Taiwan on Thursday approved the sale of
the abortion pill RU-486, conceding that a ban on the drug had not
stopped women from taking it to end unwanted pregnancies.
The pill was approved to prevent women from taking the drug on
their own, risking excessive bleeding and other dangers, said
Health Administration Director Lee Ming-liang.
Thousands of women, mostly teen-agers, have illegally obtained
the pill from drug stores or on the Internet, Lee said.
Medical supervision is required to ensure safe use of the drug.
Two Taiwan women died and about 1,000 were treated for side effects
from using the drug last year, he told reporters.
In Asia, only Taiwan and China have approved use of RU-486.
The abortion pill causes contractions that expel an embryo from
the uterus. It can be given up to seven weeks after the start of
the last menstrual period.
Feminists and gynecologists had lobbied for its approval.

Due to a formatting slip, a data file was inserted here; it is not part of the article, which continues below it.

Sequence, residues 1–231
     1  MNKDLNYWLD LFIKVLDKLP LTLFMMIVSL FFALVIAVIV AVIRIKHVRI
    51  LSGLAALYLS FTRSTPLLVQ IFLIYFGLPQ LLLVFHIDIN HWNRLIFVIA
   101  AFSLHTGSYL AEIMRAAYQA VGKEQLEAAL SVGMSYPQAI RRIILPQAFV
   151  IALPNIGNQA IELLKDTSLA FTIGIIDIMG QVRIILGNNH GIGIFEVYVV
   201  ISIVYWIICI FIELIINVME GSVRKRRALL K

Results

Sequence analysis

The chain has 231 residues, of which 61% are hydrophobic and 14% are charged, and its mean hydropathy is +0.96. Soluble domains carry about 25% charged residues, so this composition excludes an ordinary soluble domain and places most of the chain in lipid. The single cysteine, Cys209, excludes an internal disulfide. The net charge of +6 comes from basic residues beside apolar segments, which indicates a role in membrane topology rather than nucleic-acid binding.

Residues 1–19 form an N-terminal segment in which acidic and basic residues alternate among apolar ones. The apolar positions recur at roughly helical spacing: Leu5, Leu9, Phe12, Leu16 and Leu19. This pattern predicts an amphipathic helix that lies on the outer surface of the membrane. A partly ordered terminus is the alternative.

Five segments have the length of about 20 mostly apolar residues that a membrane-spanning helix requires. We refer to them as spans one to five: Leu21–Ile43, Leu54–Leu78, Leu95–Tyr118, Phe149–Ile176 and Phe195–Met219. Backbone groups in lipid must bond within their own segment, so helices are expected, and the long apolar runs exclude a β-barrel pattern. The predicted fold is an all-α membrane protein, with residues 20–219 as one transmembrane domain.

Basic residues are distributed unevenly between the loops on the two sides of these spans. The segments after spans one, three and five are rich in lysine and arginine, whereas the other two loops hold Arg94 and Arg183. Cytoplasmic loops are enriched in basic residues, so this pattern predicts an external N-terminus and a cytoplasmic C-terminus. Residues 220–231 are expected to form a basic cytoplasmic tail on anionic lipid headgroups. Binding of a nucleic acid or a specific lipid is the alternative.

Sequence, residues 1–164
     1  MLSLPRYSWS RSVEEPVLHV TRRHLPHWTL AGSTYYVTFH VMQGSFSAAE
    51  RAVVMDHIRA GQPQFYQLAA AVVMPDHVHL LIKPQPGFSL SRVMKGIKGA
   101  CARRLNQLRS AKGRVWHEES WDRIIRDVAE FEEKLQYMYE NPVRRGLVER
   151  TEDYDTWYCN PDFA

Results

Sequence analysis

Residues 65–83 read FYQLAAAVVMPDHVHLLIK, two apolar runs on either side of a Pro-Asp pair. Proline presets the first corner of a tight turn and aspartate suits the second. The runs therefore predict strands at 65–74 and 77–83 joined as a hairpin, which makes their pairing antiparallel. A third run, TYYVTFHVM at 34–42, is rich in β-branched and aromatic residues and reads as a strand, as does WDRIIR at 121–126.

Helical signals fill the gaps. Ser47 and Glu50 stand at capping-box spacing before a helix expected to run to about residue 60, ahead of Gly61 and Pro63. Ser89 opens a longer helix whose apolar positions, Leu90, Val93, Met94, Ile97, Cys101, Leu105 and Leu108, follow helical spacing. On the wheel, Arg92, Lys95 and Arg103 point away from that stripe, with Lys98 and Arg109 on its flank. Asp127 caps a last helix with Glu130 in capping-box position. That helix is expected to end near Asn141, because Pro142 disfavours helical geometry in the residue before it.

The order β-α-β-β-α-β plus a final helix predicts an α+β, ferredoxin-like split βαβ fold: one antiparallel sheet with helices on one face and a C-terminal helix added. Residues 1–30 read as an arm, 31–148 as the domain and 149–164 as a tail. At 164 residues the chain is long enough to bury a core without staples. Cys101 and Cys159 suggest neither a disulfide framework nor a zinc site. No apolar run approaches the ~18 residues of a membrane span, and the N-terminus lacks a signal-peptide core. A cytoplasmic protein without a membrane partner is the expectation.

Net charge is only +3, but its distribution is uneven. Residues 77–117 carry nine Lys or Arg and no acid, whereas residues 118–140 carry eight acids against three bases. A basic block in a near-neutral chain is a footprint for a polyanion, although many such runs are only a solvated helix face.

``We are concerned about the growing number of school girls
seeking abortions,'' said Yao Shu-mei, an executive of the Modern
Women Foundation. ``But you can't prevent abortions simply by
banning the drug.''
Adult Taiwanese women can get legal abortions simply by
persuading their doctors that a pregnancy could cause physical or
psychological harm. But girls under the age of 18 must obtain
Girls who do not want their parents to learn they are pregnant
often seek illegal abortions.
Approval of RU-486 appeared unlikely to change the situation
since under the new rules girls under 18 must still have parental
consent to obtain the drug from a doctor.
The government has yet to say what steps it will take to prevent
illegal sales of the drug.
About 50,000 abortions were performed under the national health
program last year. Gynecologists say the actual number is several